4. In the Government's response to Ginzburg's petition, it was suggested that a hearing would be appropriate. Indeed, it stated further that the Government did not take a position insofar as the petition sought a reduction in sentence.
I believe the product of a full evidentiary hearing may well cause the district court to find merit in the petition. I am confident that it will evaluate the matter afresh and discharge its duty as the evidence and the law dictate.
In my view, the assignment of error based on the refusal of the sentencing judge to disclose the contents of the presentence investigation need not now be considered. Rather, I believe the ruling thereon should be vacated so that it can be renewed before the district court, if deemed important, after the development of the facts at the evidentiary hearing. The court's exercise of discretion, if invoked, can then be made in the light of the developed facts.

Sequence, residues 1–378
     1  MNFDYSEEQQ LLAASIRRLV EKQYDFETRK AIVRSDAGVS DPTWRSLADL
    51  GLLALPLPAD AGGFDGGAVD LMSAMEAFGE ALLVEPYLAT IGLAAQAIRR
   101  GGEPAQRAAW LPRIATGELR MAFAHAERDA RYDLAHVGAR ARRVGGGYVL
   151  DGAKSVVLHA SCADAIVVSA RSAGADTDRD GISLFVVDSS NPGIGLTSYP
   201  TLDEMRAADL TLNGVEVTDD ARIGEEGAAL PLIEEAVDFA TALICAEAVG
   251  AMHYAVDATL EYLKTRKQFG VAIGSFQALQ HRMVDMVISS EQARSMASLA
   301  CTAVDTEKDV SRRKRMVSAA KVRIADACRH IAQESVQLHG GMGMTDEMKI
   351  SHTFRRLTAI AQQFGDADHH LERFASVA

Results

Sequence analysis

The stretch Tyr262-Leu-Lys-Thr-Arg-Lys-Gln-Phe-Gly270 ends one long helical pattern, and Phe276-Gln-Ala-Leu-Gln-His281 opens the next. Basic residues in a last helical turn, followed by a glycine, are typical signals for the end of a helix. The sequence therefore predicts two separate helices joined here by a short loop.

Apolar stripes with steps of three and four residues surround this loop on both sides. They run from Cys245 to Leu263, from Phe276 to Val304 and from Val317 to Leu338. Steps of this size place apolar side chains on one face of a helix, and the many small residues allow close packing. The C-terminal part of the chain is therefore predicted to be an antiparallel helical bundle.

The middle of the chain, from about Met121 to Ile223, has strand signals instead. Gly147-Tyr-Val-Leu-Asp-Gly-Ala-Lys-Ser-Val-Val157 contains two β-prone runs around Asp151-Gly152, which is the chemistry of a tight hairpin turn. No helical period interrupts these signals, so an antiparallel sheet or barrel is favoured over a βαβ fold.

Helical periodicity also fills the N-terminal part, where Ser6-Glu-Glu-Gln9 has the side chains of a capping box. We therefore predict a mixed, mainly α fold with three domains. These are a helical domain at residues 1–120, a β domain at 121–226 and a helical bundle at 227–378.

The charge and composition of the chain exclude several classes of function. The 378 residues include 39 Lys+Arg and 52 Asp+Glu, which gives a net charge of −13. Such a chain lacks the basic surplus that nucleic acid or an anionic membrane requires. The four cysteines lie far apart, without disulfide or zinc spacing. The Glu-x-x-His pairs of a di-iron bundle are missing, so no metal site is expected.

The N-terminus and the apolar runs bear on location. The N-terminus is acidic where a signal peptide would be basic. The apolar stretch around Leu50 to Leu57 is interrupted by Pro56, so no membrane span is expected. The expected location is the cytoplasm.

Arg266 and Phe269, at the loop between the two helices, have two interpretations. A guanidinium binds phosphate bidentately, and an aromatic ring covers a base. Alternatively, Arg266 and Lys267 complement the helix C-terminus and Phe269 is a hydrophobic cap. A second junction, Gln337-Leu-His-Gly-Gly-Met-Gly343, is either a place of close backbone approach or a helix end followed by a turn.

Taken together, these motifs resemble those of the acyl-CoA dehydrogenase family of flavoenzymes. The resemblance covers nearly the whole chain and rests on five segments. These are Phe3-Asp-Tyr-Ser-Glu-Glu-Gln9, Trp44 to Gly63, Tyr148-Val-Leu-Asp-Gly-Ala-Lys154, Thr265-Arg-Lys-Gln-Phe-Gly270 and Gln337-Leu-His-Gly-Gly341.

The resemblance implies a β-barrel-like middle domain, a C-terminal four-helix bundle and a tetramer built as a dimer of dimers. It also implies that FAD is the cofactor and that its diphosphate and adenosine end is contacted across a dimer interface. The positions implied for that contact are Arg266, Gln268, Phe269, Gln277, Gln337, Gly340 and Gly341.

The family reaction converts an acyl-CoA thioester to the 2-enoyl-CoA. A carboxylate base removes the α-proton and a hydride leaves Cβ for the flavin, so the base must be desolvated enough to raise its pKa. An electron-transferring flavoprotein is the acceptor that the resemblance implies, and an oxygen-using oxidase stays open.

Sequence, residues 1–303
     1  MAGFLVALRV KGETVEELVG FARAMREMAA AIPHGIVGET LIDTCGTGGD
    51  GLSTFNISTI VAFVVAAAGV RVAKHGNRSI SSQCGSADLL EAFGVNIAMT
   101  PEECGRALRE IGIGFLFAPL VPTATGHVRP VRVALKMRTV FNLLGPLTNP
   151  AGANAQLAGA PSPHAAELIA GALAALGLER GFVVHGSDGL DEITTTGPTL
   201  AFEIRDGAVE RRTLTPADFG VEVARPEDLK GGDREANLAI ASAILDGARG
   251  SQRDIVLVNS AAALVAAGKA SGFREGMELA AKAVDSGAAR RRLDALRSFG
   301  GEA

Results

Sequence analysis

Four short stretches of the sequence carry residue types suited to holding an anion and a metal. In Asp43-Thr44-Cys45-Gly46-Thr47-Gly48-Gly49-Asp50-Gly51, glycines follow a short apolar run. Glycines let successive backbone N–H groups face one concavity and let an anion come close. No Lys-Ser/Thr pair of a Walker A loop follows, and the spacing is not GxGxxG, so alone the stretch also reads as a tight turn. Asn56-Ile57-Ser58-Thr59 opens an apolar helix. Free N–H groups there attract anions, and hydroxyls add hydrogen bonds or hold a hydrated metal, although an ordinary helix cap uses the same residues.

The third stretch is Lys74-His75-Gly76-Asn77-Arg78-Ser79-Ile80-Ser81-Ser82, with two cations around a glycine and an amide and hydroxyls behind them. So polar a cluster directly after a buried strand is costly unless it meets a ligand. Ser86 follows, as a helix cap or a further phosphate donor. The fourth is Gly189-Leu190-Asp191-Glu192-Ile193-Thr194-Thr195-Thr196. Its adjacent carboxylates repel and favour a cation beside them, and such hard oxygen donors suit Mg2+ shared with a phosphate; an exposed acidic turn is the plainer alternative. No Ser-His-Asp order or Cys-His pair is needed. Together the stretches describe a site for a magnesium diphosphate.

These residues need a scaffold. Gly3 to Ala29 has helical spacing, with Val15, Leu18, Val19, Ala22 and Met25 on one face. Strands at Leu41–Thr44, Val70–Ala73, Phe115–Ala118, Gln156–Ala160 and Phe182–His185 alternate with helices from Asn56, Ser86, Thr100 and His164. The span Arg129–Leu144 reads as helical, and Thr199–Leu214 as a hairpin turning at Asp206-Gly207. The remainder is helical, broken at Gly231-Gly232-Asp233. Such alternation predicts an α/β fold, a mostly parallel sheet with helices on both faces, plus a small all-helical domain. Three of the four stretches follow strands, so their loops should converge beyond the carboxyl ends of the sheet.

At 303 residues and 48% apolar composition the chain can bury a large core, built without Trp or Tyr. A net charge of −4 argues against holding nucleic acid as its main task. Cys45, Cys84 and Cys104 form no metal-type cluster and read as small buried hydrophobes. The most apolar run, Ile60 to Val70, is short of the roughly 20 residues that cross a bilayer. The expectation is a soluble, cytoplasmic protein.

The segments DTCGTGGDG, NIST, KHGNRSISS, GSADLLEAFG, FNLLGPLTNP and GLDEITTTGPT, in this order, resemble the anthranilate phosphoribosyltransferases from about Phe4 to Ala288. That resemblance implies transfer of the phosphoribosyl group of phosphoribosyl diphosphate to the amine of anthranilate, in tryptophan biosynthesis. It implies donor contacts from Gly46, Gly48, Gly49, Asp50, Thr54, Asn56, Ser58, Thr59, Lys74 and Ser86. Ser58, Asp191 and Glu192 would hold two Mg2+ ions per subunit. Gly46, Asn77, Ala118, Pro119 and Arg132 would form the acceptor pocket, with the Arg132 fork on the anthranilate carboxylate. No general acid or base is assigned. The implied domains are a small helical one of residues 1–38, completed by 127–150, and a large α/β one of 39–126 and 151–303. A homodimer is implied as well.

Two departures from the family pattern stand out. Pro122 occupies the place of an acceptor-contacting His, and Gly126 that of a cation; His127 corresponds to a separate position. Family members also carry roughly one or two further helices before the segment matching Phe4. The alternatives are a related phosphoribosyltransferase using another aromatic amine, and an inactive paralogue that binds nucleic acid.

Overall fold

Judge FREEDMAN concurs in this opinion.
GERALD McLAUGHLIN, Circuit Judge (dissenting).
Appellant, with three corporate co-defendants, was convicted of violating the federal obscenity law, 18 U.S.C. § 1461. He was sentenced to five years imprisonment and to pay a fine. On appeal this Court affirmed the conviction, 338 F.2d 12 (1964). Thereafter the United States Supreme Court affirmed, 383 U.S. 463, 86 S.Ct. 942, 16 L.Ed.2d 31 (1966). Petition for rehearing was denied by the Supreme Court, 384 U.S. 934, 86 S.Ct. 1440, 16 L.Ed.2d 536 (1966). Appellant, then finally confronted with the immediacy of his prison sentence, filed a petition for reconsideration of sentence, etc. in the District Court. After extended oral argument, in which there are no signs of restriction, the petition was denied by the order of the District Court filed July 5, 1966. This appeal is from that order.